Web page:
SQL XML programming
The few times that I've seen the XML data type in SQL server it's tables, columns, and relationships in place to hold data for complex objects. Db2 for IBM i provides support to store and retrieve XML data using Structured Query Language (SQL). Objects defined using SQL such as tables, functions, and. Mar 13, This topic discusses the advantages and the limitations of the xml data type in SQL Server, and helps you to choose how to store XML data.
After you have reviewed these parameters you are ready to test. Click the Test Driver Configuration link, and if everything is correct, you will see the "Connection Successful" message.
You'll get to the Data Source configuration page Figure 4. Remember the JNDI path; we'll use it later to set up a connection from our code. Next select Continue, and then choose the correct connection pool to associate with the Data Source. Select the Connection Pool that you just created, and click Continue. The next page allows you to select servers and clusters on which to deploy the Data Source. Check the necessary ones from the list, and then click Create.
The Data Source has been created and we ready to start writing the code. Preparing the Environment for a Stand-Alone Java Application Let's prepare our environment for writing a simple client application. Also, as we're using JNDI, we need to have weblogic.
They are quite different, and you should use the appropriate approach for your task. Consequently, these columns can participate in queries just like any other column type. You can read more about this approach and see examples in the WebLogic Server documentation on the Oracle driver, or on the Oracle Technology Network.
In this article we are going to focus exclusively on the XSU approach.
- XML Data (SQL Server)
- SQL XML programming
- XML as a Bridge between SQL and Web Applications
Here is the complete source code oraxml. Lines 13 and 20 establish and close the connection. The most interesting lines are which make a so-called "XML query". Line 14 initializes the query.
Lines set the structure of the future XML document. Line 15 sets the maximum number of rows returned, limited to maxRows. Lines 16 and 17 set the root element of the document and the item delimiters. Line 18 generates an XML document and stores it in the xmlString variable. As you can see, the code is very simple and easy to read. Note that this is not production code. You should close a connection in a finally clause. We should not forget about JNDI, which we're using in this code.
As this is a stand-alone Java application, we need to set a naming provider for it to use. We'll use our WebLogic Server; to configure this we need to create a jndi. Here is our jndi.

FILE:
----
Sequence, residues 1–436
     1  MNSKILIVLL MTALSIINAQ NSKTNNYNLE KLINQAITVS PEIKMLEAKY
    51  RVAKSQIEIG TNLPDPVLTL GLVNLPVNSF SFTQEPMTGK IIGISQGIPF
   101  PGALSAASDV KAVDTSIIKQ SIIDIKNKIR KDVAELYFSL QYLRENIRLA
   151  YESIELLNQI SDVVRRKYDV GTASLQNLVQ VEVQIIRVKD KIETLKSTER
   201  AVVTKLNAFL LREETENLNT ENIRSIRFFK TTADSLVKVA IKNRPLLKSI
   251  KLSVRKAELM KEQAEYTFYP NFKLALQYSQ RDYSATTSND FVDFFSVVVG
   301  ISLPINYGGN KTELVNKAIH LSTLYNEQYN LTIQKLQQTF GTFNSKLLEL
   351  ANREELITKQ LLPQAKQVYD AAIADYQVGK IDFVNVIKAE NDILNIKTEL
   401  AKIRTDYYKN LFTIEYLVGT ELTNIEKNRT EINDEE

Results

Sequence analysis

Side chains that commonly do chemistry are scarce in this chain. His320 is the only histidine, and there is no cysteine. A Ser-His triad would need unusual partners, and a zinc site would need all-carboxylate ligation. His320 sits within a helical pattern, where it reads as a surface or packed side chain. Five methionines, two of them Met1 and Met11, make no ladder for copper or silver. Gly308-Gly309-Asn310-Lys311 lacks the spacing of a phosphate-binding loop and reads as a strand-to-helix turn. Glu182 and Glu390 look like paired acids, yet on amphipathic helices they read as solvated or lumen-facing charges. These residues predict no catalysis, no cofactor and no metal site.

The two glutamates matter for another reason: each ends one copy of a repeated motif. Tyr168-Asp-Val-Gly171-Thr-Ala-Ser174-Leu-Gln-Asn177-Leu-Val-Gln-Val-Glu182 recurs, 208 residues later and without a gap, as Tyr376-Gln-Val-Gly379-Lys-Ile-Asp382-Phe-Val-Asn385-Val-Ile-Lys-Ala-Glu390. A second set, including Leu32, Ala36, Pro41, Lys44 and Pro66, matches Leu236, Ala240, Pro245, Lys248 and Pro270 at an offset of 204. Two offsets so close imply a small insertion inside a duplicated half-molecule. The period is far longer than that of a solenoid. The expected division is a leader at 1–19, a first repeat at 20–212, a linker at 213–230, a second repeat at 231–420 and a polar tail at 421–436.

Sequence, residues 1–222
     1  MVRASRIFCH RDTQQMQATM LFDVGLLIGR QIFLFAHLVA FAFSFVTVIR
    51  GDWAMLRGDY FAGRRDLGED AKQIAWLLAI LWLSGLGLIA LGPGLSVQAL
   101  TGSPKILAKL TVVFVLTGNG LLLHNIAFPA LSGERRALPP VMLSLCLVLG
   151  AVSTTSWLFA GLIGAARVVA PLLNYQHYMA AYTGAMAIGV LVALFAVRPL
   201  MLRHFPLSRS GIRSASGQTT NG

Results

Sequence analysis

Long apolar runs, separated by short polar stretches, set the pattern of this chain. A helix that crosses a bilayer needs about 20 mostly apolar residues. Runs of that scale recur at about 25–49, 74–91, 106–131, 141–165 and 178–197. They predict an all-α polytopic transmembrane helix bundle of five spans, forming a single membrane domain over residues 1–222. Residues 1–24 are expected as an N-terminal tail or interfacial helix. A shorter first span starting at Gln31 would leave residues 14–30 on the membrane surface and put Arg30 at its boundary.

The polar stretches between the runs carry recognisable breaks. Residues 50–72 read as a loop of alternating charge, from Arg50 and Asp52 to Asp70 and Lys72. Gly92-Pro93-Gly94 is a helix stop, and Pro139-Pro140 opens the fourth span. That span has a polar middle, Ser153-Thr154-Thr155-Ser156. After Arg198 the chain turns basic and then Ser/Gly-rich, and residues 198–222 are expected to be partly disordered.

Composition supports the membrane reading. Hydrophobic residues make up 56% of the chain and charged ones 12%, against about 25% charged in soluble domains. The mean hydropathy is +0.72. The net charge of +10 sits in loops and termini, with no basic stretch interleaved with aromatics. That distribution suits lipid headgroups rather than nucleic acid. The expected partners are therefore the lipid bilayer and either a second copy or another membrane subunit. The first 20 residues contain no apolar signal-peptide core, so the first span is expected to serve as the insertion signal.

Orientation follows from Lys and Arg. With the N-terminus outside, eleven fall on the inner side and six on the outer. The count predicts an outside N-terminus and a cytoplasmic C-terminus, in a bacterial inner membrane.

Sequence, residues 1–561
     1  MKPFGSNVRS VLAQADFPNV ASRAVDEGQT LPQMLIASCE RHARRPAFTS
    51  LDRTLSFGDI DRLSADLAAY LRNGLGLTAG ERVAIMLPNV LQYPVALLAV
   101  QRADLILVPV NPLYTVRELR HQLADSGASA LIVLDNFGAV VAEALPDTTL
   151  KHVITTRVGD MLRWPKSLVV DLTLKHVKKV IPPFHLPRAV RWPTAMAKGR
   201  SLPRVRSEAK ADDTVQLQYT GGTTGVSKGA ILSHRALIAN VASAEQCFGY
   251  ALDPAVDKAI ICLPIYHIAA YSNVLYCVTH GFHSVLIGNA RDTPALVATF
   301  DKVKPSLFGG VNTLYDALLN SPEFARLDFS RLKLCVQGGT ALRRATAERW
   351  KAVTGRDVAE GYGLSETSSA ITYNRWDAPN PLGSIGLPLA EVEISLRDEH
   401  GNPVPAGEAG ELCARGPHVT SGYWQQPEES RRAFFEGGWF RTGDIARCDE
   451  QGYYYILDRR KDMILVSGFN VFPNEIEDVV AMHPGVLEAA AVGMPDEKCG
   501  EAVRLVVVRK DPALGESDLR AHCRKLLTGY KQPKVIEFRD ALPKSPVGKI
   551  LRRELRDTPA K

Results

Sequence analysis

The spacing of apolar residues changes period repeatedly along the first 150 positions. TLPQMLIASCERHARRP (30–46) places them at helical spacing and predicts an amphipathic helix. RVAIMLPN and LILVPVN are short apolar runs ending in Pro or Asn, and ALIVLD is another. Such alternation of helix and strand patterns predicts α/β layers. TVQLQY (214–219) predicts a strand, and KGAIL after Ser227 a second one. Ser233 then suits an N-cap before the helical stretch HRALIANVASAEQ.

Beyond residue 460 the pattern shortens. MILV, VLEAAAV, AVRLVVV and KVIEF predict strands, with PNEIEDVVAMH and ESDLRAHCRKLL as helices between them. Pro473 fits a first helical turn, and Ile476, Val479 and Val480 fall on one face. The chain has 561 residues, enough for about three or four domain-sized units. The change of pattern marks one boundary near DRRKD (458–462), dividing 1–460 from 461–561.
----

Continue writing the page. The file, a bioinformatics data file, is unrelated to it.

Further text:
As you can see, this is quite a handy utility that can be used for performing SQL queries and returning an XML formatted output. However, XSU is not limited only to this functionality. XSU can also store them in relational tables by creating object views over the flat tables and querying over these views. In addition, it supports XML attributes during generation. One of the questions you may be asking yourself is why we are using XML here and why we are calling it "a bridge.
Imagine you've got an information portal, which is designed to deliver news from the SQL database to end users, whoever they are: Furthermore, you, as an information owner, can resell it to other end users, and your news should be shown with different titles, like "News from the Acme, Corp. But the news that you are delivering does not change. So why should you perform extra coding for every kind of end user who may receive your news, when you technically need only change the "look and feel"?
Now you can see that you need some transparent bridge that can receive SQL on one side and produce different formats on the other. This bridge is XML. Your servlet makes a request to the database, receives XML output, and applies an XSL template to it, producing a page for an end user. So, you need to change only a design in XSL and nothing more. No extra coding, no wasted time.
XML Data Type and Columns (SQL Server)
What about sharing your news with others? That's great, but why should you allow others to access your SQL database? Why should you explain the structure of it?
The next step is mastering the WebLogic Server options for converting XML into different formats, and building a web application. At the moment, there are different technologies for handling XML streams. Generally, you may have to use a combination of these approaches. For example, you may want to store your XML data in an xml data type column and promote properties from it into relational columns. Or, you may want to use mapping technology to store nonrecursive parts in non-XML columns and only the recursive parts in xml data type columns.